Monsignor Michel Schooyans, Emeritus Professor at the Catholic University of Louvain, is the author of a number of significant and seminal works, in particular on life-related matters. His latest book Les idoles de la modernité which presents an overview of his thinking, provides an opportunity to question him. Mgr Michel Schooyans is a member of the Pontifical Academy of Social Sciences and the Pontifical Academy for Life.References to the books cited
1) You entitled one of your previous books The Totalitarian Drift of Liberalism: can you explain what you mean by that?
While we have witnessed the failure of the Soviet system of government, we are now witnessing the emergence of a totalitarian trend arising from liberal ideology. When we examine these two ideologies – Communist on the one hand, liberal on the other – we perceive, at first sight, a significant difference between the two. In reality, the two ideologies have a common characteristic: they glorify the struggle, the survival of the fittest. Hence the following of authors such as Peter Singer. In the Communist system, the class struggle sanctions the victory of the strongest. But when we look at what happens in the liberal ideology, we encounter the same dynamic, that of unrestrained competition and survival. The market remains, but the important instruments designed to regulate it have been undermined. There is no longer a human reality, with its laws and exchanges. There is merely a battlefield where the forces of the weakest confront the forces of the strongest Those who have the right to survive are those who have the capacity to consume and produce.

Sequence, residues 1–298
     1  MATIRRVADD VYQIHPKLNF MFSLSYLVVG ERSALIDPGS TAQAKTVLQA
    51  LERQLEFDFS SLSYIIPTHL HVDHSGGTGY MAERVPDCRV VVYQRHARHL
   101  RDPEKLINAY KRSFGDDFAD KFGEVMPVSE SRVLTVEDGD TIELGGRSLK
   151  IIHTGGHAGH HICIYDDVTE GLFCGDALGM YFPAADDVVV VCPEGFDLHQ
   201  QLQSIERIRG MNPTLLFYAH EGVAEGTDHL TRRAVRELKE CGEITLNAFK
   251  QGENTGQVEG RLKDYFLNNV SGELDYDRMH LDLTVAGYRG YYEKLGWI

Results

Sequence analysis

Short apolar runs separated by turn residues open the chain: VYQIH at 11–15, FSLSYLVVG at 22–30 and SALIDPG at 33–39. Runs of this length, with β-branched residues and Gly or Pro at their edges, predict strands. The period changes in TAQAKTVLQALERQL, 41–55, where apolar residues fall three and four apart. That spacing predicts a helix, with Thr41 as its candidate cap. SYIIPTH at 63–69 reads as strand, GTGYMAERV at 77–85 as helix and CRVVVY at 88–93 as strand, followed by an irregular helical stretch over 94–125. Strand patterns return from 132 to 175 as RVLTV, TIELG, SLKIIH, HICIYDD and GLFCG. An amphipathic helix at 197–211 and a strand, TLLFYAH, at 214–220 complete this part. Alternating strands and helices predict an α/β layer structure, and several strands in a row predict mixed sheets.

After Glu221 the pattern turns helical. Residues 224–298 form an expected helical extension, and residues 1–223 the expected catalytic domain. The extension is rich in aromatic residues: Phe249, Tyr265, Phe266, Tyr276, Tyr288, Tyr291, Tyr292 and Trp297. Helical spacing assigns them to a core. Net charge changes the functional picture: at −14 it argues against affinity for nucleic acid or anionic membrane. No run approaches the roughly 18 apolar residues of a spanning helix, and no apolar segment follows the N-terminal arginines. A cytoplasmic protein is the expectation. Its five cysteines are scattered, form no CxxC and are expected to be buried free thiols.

2) In your next two books (The Gospel Confronting World Disorder and The Hidden Face of the UN), you denounce in particular the new notion of human rights promulgated by the UN: is this still the case and could you briefly explain the issues ?
We have entered a new cultural revolution. The UN is in the process of establishing a new notion of the law. The founding truths of the UN concerning man’s centrality in the world, as set forth in the 1948 Declaration, are being progressively disabled. Under the new UN notion of law, no truth concerning man exists which can be applied to all men. Human rights are no longer acknowledged as truths to be adhered to; they are the subject of procedures, consensual decisions. We negotiate and, as a result of a pragmatic procedure, we decide, for example, that respect for life can be imposed in some cases, but not in others, euthanasia should be liberalised, homosexual unions have the same rights as the monogamous and heterosexual family, etc. This process generates "new human rights", constantly renegotiable in line with the shifting interests of those able to assert their will.
To accommodate these "new rights", and above all the notion of law underpinning them, two strategies are called for. Firstly, it is necessary to weaken the sovereign nations, normally in the front line in protecting the inalienable rights of their citizens. Secondly, at international assemblies, it is necessary to achieve the broadest possible consensus. Once acquired, a consensus can be invoked to achieve the adoption of international conventions, pacts or protocols, which then acquire legal force in States which have ratified them. The result is the progressive formulation of a Kelsen-inspired international law, purely positivist and pyramidal. Under this law, and this law alone, can specific national laws be validated.
3) The myth of overpopulation is enduring : what response can one give today to those who continue to fear overpopulation, sometimes put forward as a facile pretext for the imposition of contraceptive programmes, even abortion?
What is too often overlooked is that the major cause of the population increase is higher life expectancy. All over the world, men and women now live longer than 50 or 100 years ago. Men now living to the age of 80 are alive for twice as long as men who, previously, could expect to live to 40. This is due to a general improvement in living conditions, in particular advances in medicine.